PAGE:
Nicolas will be taking part in the 2nd edition of the Globe40, and talks about his offshore career and his plans for the round-the-world voyage on his new boat, Class40 no. 141.

Originally from Saint-Nazaire, how did you discover sailing and your passion for ocean racing?

I discovered sailing as a child with my parents. I joined the Nantes sailing club and, like everyone else, I started with the Optimist and then the 420. I also did a lot of cruising with my parents and that’s where my passion for sailing was born.

What is your background and past experience?

After my years in dinghies and then after numerous cruises, I decided to take on the Mini Transat in 2018. I bought a Mini 6.50 and that’s when I really got into ocean racing. I did two Mini Transat campaigns.

You took part in the Mini Transat 2021. What did you take away from the experience, both in terms of preparing the project and the race itself?

Crossing the Atlantic solo in the Mini Transat was a childhood dream.

I’ve learnt a lot during these Mini 6.50 seasons; I’ve been able to discover single-handed sailing with a lot of humility on this small boat. They’re great boats, but it’s true that we’re not much compared to the immensity of the ocean, even though they’re very seaworthy boats. These are projects that I’ve been able to manage alongside my job, even though they require a lot of investment. I had an old boat that was about ten years old, so I wasn’t necessarily at the top of my game in terms of performance, but I had some great years; I really enjoy single-handed sailing. From qualifying to the race, I really enjoyed my time at sea. Sailing offshore was a revelation. That’s why, when I first read the notice of race for the Globe40, I didn’t hesitate to take on this project and include it in my Class40 programme. The Mini Transat was a great adventure and I hope that the Globe40 will be just as great.

 It’s often said that the Mini Transat is the best school for becoming a great sailor. Do you agree with that?

I don’t know, I’m not necessarily a great sailor yet… but yes, I think it’s a good school for starting out in ocean racing. They allow you to do some great races with budgets that are still limited. A lot of great sailors come from the Mini Class.

Let’s talk about the Globe40, you’re entered in the 2nd edition. How did you come up with the idea of taking part in this round-the-world race?

Racing around the world is a dream for many people, at least for me. The duration of the 1st edition didn’t allow us to do the Route du Rhum, which complicated things a bit in terms of finding partners. This 2nd edition, which is shorter, allows you to do these two major races. The Globe40 offers the opportunity to race around the world, but also to enjoy some magnificent stages. I’ve discussed this with Arnaud Boissière (Imoca Vendée Globe skipper), who has sailed around the world many times without ever stopping (all the better for him, in fact!) and it’s in this spirit that the Globe40 is a great race. Like The Ocean Race, you stop off in some superb places while racing around the planet.

You recently acquired Class40 n°141, a Pogo S3 launched in 2014. Why did you opt for this boat?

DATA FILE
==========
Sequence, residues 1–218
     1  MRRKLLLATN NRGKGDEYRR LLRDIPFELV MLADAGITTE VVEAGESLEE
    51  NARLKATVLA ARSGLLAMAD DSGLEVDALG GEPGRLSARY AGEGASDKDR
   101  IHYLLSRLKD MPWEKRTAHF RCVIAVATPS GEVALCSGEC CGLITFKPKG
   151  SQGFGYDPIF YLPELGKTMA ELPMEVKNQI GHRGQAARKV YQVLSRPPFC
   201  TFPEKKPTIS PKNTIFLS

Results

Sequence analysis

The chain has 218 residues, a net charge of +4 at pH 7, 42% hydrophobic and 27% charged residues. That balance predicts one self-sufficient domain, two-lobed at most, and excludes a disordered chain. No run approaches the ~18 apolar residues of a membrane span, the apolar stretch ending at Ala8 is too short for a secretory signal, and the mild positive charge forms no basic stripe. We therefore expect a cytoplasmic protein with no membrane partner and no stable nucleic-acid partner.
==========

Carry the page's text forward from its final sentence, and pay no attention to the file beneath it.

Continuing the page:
Buying the boat was a big decision! I didn’t necessarily have the means to buy a boat of the latest generation. What you have to realise is that I sold my house to buy this boat and see this project through to the end. The Pogo S3 is a robust boat, which will be important for this round-the-world trip, but it’s also fast and relatively comfortable. I’m buying her from CG Marine in La Trinité sur mer, and Gonzague is an expert in preparing Class40s, so I can buy the boat with complete confidence. The boat will be launched on 30 April, and I’m really looking forward to my first races!

How far have you got in preparing for this project?  What is your sporting programme up to the start of the Globe40 in 2025? 

I’m in the process of finalising the final details with the association whose colours I’ll be wearing. Partners will be signing up soon. I’m in the middle of the search for partners, but the acquisition of the boat, which I’m due to receive at the end of April, will enable me to speed up that search. The 1st step was to find a boat, and now the rest will follow naturally. I’m confident that I’ll have a great project, both in human and sporting terms.

From a sporting point of view, this year I’ll be taking part in the Armen Race, the Sevenstar Round Britain & Ireland Race, the Dhream Cup and finally finishing in September with the CIC Normandy Channel Race in Caen. I’ve got a busy programme to get some experience on the boat.

I imagine that you followed the 1st edition of the race very closely. What do you remember about it and what was the most memorable moment for you?

That’s a bit of a complicated question from the outside. What I can say is that it’s a long race that demands a lot of commitment. I loved watching the videos and images from the 1st edition at sea and on the stages. The sporting battle was great to watch, with an even level of competition between the boats and very little difference in performance in the end. The course of the 1st edition was really nice.

What are your goals and ambitions for the Globe40?

Insofar as there is a ‘sharp’ and ‘scow’ ranking, unlike in other races, I’m looking ahead with sporting ambition. It’s a bit of an early question at the moment, because I’ve got to get to grips with the boat first, but I intend to give it my best shot and hope to make it onto the podium in my category.

What can we wish you for the future?

I’d like to say that I’d like to find as many partners as possible to make the project more reliable and then enjoy myself on the water. My project remains linked to my partners and I want to write a great story together. I hope I can have a good preparatory season without breaking too many things on the boat!

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